|WikiProject Mathematics||(Rated Start-class, Low-priority)|
dots in the equation
The cube of the Euler function, and its natural logarithm are also interesting - insofar as they both have interesting (i.e. simple) Taylor expansions anout q=0.
Notation: possible confusion
The use of lowercase-phi for this function is potentially confusing, especially as it is also used as standard for Euler's totient function, albeit sometimes in a different script!
Is this function actually called the "Euler function?" I checked out the only reference on this page (Apostol, 1976), and it does not call it the Euler function, use the notation , nor does it give it any other name as far as I can tell. Furthermore, the book does not appear to mention q-series or q-Pochhammer symbols (at least according to the index). At the very least, this article needs more citations because Apostol 1976 is not sufficient for some of the things listed here. Lasindi (talk) 21:25, 28 October 2013 (UTC)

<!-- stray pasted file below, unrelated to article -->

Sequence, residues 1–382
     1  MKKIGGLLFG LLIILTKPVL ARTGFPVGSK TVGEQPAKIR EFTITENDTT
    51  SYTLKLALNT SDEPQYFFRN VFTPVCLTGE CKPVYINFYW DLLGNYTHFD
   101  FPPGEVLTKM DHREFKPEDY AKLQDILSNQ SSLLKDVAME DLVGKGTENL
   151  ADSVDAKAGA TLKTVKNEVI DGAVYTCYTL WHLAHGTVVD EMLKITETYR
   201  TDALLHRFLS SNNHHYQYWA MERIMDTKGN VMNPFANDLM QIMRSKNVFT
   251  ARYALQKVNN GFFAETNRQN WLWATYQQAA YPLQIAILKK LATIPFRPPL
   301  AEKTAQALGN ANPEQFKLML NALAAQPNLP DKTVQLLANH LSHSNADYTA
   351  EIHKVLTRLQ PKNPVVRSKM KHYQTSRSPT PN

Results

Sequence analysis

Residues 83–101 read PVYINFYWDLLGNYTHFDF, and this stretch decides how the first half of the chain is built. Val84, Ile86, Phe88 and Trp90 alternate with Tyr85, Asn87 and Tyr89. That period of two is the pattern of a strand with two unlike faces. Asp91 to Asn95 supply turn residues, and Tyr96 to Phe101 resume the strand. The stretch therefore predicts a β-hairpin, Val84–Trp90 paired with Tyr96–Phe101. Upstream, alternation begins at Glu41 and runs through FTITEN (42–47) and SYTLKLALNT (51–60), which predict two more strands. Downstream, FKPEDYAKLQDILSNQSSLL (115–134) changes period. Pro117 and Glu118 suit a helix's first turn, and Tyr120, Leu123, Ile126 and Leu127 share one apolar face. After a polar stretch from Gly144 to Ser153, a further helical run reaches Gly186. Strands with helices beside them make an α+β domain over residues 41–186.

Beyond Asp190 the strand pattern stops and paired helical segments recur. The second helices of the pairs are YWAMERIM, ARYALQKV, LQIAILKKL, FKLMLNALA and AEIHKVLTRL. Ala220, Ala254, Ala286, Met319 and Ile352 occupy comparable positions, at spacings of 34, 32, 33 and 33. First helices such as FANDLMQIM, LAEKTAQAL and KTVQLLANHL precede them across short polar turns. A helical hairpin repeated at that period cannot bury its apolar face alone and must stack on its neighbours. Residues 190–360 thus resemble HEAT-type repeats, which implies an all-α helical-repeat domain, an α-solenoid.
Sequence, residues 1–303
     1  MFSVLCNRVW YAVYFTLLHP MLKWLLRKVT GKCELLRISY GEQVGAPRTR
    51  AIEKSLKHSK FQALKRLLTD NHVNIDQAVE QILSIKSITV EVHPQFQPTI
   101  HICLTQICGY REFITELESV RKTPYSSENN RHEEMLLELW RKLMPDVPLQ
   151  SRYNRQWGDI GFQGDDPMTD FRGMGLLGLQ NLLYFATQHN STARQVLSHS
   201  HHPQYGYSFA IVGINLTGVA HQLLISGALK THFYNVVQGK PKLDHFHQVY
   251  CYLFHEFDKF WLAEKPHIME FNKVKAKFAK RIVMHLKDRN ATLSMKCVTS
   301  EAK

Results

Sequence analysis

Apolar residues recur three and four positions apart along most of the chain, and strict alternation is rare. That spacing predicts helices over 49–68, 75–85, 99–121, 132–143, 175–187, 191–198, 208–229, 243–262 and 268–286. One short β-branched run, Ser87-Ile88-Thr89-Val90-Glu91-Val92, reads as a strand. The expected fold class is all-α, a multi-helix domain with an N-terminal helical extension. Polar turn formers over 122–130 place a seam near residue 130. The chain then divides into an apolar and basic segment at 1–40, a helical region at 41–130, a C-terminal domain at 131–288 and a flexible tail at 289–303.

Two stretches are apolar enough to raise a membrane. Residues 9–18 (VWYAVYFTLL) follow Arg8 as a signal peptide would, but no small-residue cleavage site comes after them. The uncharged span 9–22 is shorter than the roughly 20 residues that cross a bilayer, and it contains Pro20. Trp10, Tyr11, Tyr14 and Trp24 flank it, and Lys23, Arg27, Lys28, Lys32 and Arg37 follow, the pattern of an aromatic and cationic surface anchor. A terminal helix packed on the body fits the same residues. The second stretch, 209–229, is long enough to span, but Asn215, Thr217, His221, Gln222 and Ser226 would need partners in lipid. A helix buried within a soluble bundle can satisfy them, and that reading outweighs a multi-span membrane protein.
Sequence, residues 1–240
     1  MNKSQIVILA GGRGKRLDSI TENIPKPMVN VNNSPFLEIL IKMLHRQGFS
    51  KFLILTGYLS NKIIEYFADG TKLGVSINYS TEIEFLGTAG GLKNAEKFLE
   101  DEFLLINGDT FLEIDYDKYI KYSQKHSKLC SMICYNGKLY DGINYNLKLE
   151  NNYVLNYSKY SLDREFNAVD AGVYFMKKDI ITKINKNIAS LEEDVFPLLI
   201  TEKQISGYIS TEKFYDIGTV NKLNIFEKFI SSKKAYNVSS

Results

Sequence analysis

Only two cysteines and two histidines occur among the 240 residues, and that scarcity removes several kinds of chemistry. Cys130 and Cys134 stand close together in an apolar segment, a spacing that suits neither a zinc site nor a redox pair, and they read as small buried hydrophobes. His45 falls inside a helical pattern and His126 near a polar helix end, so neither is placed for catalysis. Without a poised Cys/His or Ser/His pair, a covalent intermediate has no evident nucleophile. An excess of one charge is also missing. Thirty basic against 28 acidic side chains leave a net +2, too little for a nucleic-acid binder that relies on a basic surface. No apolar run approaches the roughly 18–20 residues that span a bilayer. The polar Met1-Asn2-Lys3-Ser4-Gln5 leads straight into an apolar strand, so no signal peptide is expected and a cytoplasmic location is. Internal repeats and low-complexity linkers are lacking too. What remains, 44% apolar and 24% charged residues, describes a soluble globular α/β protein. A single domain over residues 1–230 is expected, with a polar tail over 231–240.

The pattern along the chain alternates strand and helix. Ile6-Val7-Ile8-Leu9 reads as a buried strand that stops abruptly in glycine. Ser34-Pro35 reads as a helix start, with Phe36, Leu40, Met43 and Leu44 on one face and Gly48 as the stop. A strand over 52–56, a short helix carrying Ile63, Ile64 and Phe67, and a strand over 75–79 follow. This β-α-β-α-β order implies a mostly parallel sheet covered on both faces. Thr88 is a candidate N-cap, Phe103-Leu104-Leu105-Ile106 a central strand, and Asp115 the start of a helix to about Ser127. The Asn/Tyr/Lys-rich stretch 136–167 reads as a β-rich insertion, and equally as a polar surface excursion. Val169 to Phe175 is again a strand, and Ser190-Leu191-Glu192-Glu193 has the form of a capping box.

Response to Lasindi: (Sorry I'm a newb on wiki editing, so am just typing this here. Experts please fix as you see fit.) I also had trouble tracking down this terminology, but see page 8 of the paper https://arxiv.org/abs/1602.01085 where "Euler function" is used. I also looked at the Watson 1936 paper they cite, and in that paper Watson quotes the famous Ramanujan, who in turn called certain functions "Eulerian", which I guess led to calling (q,q)_infty an Euler function. — Preceding unsigned comment added by 22.214.171.124 (talk) 19:04, 25 April 2017 (UTC)
- This function is obviously directly related -as:
126.96.36.199 (talk) 20:39, 18 November 2009 (UTC).